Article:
The Bulletin has learnt that this Spring, tax inspectors swooped through Son Bonet airfield imposing a 12 percent matriculation tax on any charter aircraft and helicopter which weighs over 1'550 kilos.
The figure is similar to that levied on yachts used for charter here in the Balearics and is the only one of its kind in Europe, hence the yachting industry is fighting to have the tax scrapped in Madrid and in Brussels.
The chief pilot at one of the helicopter schools based at the airfield which has operated charters with a six seater, five million pound helicopter, told the Bulletin that they are waiting for the matriculation tax bill to arrive. But, I can tell you now. We're not going to pay, we'd rather spend that money on our lawyers and challenge the government over this unprecedented and unfair move. The government may think it's going to make a quick buck but all it's going to do is kill the region's private jet and helicopter industry which will not only hit the charter companies in the pocket but also put off wealthy clients from coming to the Balearics, he said.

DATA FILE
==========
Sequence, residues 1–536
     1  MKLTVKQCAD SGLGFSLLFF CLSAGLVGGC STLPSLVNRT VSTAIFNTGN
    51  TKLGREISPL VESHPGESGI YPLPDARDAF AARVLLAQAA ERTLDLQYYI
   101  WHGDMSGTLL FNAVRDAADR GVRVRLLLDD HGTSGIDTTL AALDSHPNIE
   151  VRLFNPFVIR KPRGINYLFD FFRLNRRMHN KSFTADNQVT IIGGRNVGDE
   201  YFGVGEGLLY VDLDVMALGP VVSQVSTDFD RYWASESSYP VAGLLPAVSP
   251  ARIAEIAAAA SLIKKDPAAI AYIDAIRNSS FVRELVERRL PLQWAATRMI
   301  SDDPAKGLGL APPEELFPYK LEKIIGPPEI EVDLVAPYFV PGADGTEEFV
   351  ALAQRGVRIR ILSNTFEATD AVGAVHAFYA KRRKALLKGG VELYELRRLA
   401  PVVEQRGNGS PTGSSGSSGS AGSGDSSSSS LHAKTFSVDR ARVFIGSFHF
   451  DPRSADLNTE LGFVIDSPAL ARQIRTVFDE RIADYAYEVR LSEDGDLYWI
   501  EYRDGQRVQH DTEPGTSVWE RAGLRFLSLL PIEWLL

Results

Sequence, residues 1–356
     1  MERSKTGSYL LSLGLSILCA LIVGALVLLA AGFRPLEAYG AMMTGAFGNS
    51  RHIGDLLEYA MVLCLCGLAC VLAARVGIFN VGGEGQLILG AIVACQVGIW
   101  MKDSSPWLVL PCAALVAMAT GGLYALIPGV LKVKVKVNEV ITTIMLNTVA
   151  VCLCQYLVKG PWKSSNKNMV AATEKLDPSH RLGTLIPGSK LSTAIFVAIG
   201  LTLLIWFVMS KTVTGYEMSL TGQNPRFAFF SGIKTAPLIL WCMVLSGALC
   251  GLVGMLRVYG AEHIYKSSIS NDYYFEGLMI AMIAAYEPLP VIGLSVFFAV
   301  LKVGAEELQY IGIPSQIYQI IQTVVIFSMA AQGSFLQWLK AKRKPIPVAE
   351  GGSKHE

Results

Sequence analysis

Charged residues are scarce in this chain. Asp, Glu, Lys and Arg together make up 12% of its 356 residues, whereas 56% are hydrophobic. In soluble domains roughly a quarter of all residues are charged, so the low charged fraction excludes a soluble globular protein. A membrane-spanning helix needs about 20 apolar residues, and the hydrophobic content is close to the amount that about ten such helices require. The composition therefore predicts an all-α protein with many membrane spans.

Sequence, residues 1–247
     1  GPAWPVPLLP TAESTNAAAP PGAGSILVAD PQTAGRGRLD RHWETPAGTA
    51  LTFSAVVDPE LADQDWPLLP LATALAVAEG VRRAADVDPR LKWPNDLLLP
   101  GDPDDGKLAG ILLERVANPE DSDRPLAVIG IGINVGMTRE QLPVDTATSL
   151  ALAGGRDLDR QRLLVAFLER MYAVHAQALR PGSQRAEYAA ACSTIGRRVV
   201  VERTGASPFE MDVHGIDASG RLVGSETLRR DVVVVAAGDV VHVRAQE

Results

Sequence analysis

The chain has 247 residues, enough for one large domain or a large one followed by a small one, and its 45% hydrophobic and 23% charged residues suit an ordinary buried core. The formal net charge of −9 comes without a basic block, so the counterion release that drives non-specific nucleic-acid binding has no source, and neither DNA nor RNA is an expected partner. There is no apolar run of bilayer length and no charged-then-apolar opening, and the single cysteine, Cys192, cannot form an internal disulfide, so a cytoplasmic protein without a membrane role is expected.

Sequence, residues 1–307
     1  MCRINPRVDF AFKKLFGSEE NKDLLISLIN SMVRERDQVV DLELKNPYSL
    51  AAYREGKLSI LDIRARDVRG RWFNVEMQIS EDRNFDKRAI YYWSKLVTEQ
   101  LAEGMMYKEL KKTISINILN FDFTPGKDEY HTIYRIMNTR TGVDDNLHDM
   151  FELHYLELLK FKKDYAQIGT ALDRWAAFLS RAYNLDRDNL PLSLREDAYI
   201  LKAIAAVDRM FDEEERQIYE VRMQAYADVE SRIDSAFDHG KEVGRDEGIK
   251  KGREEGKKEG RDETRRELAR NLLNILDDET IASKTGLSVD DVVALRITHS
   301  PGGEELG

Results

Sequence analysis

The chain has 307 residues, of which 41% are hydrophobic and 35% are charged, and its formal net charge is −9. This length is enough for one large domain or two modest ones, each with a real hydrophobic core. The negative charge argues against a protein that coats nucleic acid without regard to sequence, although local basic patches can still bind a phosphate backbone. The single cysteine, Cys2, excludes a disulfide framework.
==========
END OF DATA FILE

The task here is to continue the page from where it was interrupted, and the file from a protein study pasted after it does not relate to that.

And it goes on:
Ironically, the news has broken just days after plans to build a heliport for wealthy yacht owners in Port Adriano have been unveiled.
Should the government continue to enforce the matriculation tax, the helipad, if built, will be a very quiet one. We don't know if this tax is legal, all of the charter companies at Son Bonet are busy checking out the legalities while we all wait for a nice fat bill to land on our desks, the Bulletin was told.
The governments here and in Madrid have already been fully briefed on the damage the matriculation tax has done to the yacht charter industry and the vast amount of money in revenue the government is losing in the long term by enforcing it. However, it looks like the battle is about become a full scale war.